As many American families are well too aware, taking on too much debt can be a crippling mistake. Astronomical credit card or student loan payments, car loans, mortgages, and other forms of debt can add up and become financially debilitating. If, and when, an individual is ready to start fighting back the mountain of debt they’ve accrued, it’s a stressful, uphill battle.
It’s better to never have started down that path in the first place. So what if your adult son or daughter is beginning to take on too much debt? While debt can certainly harm a young adult’s financial security, a parent must still respect their child’s status as an adult who isn’t obligated to accept advice.
Moreover, people can be very sensitive about money, no matter how old they are. So how do you offer your adult children sound advice regarding debt, without coming of as condescending or accusatory? The following advice may foster a productive dialogue about debt.
- be proactive, not passive
- listen attentively
- be empathetic
- offer solutions and alternatives
- educate yourself
- condescend or accuse
- get upset
- only use personal experience for your reasoning
- go in without a plan
- lend money without stipulations
People will often avoid difficult, direct conversations, but if you’re concerned for your child’s well-being, don’t put off the subject. Sending your kid an article about financial stability through email or social media is too passive. Pick up the phone or, preferably, meet face to face, and don’t be shy about having the conversation. Hopefully, you wouldn’t push away that very same advice from your adult child if the tables were turned.
Sometimes, we can make bad financial decisions because we don’t know any better. Other times, we may know we’re making the wrong decision, but feel we don’t have better alternatives. Once you’ve broached the subject and are having a discussion, listen attentively to identify where the issues may lie.
Adult children will be more likely to open up about their financial situation, and their approach to debt, if you demonstrate empathy—the ability to understand another person’s hardship and feelings. Try to express that you understand their circumstance, and if you have experienced the same yourself, make sure to say so.
Given your own life experience, you may be able to think of solutions and alternatives that they have not. Are they taking on too much debt for things they want, or things they need, or both? Regardless, you may be able to offer a fresh perspective.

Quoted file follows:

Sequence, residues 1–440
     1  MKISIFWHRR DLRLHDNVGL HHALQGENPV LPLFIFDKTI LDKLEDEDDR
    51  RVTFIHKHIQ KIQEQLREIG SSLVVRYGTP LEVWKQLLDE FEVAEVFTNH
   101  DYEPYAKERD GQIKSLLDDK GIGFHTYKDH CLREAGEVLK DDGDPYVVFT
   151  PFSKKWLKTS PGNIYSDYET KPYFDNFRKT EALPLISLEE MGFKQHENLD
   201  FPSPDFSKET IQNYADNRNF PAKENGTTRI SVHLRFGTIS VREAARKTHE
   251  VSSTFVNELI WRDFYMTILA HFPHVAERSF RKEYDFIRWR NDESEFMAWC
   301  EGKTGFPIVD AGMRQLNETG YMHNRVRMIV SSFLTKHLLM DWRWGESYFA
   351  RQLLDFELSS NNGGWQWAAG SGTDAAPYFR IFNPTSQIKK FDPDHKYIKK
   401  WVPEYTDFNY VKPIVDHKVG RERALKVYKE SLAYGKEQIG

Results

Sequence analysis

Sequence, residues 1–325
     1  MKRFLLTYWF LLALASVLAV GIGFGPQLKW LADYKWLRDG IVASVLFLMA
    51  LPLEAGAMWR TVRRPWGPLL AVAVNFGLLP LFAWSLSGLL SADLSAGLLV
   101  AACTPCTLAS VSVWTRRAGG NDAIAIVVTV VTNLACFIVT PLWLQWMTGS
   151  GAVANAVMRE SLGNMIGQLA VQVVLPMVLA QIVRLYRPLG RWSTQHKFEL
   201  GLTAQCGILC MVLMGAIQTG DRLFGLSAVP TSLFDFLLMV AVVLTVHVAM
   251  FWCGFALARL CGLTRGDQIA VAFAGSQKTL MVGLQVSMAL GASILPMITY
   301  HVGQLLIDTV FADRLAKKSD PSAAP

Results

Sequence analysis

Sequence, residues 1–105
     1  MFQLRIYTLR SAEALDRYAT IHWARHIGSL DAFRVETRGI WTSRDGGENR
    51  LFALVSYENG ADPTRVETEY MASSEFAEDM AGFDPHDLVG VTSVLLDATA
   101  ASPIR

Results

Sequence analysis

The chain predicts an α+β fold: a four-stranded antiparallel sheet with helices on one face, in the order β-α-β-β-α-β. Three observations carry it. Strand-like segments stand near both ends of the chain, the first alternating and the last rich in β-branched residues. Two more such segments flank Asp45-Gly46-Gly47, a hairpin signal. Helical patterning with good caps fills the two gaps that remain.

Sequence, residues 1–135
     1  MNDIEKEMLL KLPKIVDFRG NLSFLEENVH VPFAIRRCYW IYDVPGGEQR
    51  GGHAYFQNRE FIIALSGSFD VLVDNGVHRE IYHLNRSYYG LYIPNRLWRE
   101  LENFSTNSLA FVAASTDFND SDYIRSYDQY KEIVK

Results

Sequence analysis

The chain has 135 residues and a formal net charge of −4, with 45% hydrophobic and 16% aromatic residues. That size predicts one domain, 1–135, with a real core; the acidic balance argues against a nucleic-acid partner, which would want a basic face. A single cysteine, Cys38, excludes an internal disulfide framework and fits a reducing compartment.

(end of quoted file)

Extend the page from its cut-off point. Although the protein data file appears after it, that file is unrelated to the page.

Your life experience, as we’ve mentioned above, may be all you need to know that your child is taking on too much debt. However, do your homework before having the conversation. Read up on issues that affect credit, alternative options to maxing out credit cards, ways to save money, and tips for good financial behavior. That way, you can back up your arguments with well-researched evidence.
Remember when it was your parents giving you advice? Did you ever feel belittled, or that they were condescending? Chances are you stopped listening at this point. Try to avoid coming off as accusatory or condescending, because your loved one may react by becoming defensive and reject your good advice. Most importantly, don’t treat an adult child like a child. Never lose sight of the fact that they’re no longer obligated to do as you say.
Money, like it or not, is an emotional issue for many people. It directly affects issues like health, happiness, family well-being, and more. But getting upset during this conversation is unlikely to result in desirable outcomes. Try to keep your emotions at bay, because getting angry, upset, or overly emotional can cause your children to respond in kind.
The basic principles underlying the dangers of indebtedness haven’t changed for centuries. However, other realities have. Basing your information on what worked “in your day” isn’t the best approach. When you were your child’s age, college was cheaper, the job market was different, and certain industries that are commonplace today did not even exist. Taking the viewpoint that the struggles of later generations are caused solely by laziness, entitlement, or other personal weaknesses is insulting and unlikely to gain a listening ear. Should you use personal financial experiences as a talking point? Sure. Should you assume that your experience is the only one that applies? No.
Before you start a conversation with your child, make sure you have a game plan. Establish a goal you wish to reach—some examples could be a promise to do better, a game plan for reducing debt, or a review of the child’s budget. Then, come up with the talking points you feel will be important to reaching that goal. Having a plan in mind will keep you from getting off track and keep you focused on the task at hand.
Your adult children may need financial help or support from you to help them avoid going into further debt. If that also fits your own desires and financial ability, there’s nothing wrong with this. However, do not lend money without a clear definition of where it is going. Any lender can set a few conditions ahead of time. For instance, you can stipulate that you’ll lend money for essentials like clothing and groceries, but not for recreation or wasteful spending.
If you’re worried your love one won’t use the money for the right reasons, you can give in the form of grocery store gift cards, gas cards, and other cards that are tied to specific goods or retailers.
Use these tips to start a financial dialogue, whether your child is saddled with a mountain of debt, or is just beginning to start their financial independence. Honest and informative conversations are the key to both offering helpful advice and maintaining good relationships. Now that your children are grown, they need and deserve to be treated like adults, and this includes having mature conversations about money.